Tag Archives: Supreme Court

Trevor Noah ignores my advice to demonstrate its limits

On Thursday, Trevor Noah opened The Daily Show by reacting to the Supreme Court’s decision to grant a stay of Obama’s Clean Power Plan. Noah noted that the Court’s move was essentially unprecedented: “The Supreme Court blocked Obama’s climate regulation before the case even reached them. And this is the first time . . . that they’ve ever done this.”

And he followed up with a bit of advice for the Supreme Court that began to sound extremely awkward only about a day and a half after Thursday’s show. Highlights (i.e. the most relevant bits) are in bold:

Continue reading Trevor Noah ignores my advice to demonstrate its limits


Corrigendum for Above the Law: Endangered Eagles edition

[Yes, I am getting exceedingly lazy with these titles of late.]

About a month ago, Above the Law published an article about eagle feathers. More specifically, it discussed whether the Supreme Court’s decision in Hobby Lobby (which recognized the company’s claim for a  religious exception to secular laws) will be extended to Native American tribes who wish to use eagle feathers in religious ceremonies despite their protection under the Migratory Bird Treaty Act and the Bald and Golden Eagle Protection Act. In the form of an aside, the article made a good point:

Continue reading Corrigendum for Above the Law: Endangered Eagles edition

Justice Kagan is a liar, and pathetic, and alone in life, and mean

JTA published a story yesterday that described how “U.S. Supreme Court justices Stephen Breyer and Elana (sic) Kagan talked about their Jewish identities at the opening plenary of the 2014 General Assembly conference of the Jewish Federations of North America”. Here’s an excerpt (emphasis added):

Continue reading Justice Kagan is a liar, and pathetic, and alone in life, and mean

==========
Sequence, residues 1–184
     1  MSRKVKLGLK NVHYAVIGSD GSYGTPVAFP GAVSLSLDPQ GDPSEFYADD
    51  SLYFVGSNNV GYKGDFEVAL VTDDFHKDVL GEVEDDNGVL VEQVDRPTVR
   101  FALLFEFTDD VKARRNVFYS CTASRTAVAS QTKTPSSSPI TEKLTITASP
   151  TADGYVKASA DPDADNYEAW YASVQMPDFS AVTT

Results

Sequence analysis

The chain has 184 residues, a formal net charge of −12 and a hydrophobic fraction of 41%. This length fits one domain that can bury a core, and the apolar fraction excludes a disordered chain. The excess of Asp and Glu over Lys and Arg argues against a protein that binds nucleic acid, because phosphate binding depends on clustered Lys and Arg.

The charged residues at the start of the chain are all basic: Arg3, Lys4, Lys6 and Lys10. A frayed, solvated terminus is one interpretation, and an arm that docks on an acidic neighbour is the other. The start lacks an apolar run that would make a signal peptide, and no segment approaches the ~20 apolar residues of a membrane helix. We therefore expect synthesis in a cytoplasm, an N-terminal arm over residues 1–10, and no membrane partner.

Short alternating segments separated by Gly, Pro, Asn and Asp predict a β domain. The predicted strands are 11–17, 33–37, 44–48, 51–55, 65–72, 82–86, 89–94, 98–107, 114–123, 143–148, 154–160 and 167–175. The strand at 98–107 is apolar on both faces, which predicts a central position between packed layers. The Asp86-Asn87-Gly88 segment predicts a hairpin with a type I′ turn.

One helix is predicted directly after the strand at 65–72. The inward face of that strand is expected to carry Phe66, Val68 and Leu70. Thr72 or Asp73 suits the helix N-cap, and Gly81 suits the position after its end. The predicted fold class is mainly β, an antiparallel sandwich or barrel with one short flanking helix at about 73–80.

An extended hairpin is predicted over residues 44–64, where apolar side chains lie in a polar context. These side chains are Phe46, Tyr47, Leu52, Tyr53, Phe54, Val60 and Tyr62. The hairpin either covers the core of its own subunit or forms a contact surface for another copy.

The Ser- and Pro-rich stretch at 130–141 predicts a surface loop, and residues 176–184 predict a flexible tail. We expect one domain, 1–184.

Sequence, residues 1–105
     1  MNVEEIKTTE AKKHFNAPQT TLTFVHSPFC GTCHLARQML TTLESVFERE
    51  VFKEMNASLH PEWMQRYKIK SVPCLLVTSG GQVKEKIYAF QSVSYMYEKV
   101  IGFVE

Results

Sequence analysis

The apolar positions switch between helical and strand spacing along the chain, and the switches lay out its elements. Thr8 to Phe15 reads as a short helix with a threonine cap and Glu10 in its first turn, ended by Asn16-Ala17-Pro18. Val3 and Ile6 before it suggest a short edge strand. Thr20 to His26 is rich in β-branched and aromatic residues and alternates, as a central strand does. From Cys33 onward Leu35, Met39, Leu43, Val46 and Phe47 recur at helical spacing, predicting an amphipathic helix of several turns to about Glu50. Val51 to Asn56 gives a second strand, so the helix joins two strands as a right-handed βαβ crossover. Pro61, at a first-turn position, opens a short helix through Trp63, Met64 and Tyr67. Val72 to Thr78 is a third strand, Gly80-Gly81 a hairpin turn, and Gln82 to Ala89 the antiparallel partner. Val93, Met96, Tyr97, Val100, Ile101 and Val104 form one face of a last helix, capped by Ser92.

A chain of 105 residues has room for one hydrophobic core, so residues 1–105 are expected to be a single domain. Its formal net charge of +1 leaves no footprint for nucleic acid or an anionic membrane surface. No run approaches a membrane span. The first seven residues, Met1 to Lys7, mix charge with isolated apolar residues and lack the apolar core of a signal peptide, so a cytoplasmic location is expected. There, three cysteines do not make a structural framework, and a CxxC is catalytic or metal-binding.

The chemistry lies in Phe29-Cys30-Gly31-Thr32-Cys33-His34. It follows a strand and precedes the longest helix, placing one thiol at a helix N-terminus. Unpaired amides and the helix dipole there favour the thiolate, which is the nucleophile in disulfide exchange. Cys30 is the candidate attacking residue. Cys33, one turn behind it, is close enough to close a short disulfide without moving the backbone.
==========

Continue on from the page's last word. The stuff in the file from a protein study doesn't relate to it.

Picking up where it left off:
Anonymous Daily Show staffer subliminally injects context into the show’s Middle East coverage

Jon Stewart couldn’t get wait to get back from his 4th of July vacation and discuss the Palestinian-Israeli conflict; the unfolding debacle was featured heavily in his very first segment the Monday of his return, (500) Crazies of Summer.

You’ve probably seen the segment by now. You’ve probably even seen some of the criticism it’s attracted. You might have even stuck around long enough on Tuesday night’s The Daily Show to watch Hillary Rodham Clinton tell Jon why she thinks his understanding of the conflict is skewed (here and here).

But even if I hadn’t directed you to those pieces of criticism, you probably could have just watched the clip yourself and had no trouble arriving at the conclusion that Stewart’s analysis of the current situation was largely facile and pointless. Essentially it boiled down to this: Israel has bigger guns.

Thank you, Mr. Leibowitz, for the nuanced update.

Though I don’t agree with everything Horovitz had to say about the segment (in “some of the criticism” above), there was one paragraph fragment that stood out to me as undeniably true and to the point:

Continue reading Anonymous Daily Show staffer subliminally injects context into the show’s Middle East coverage

The more subtle irony of Orscon Scott Card’s plea for tolerance

Ender’s Game is coming out later this year — not to be confused with Hunger Games II, which comes out three weeks later — and I’m pretty excited. I first read the book for fun, then I read it for an assignment in high school, and then I read it again for an assignment in college. But not everyone – including some fans of the book – share my sentiment. And it’s not just the usual litany of concerns, like “Will your movie be as good as the book?”, “Why did you pick a 16-year old actor to play 6-11 year old Ender?”, and “Why did you show the movie’s epic conclusion at the end of the first trailer?” [I trust my readers are astute enough to recognize that clicking on that last link is just asking for a spoiler.]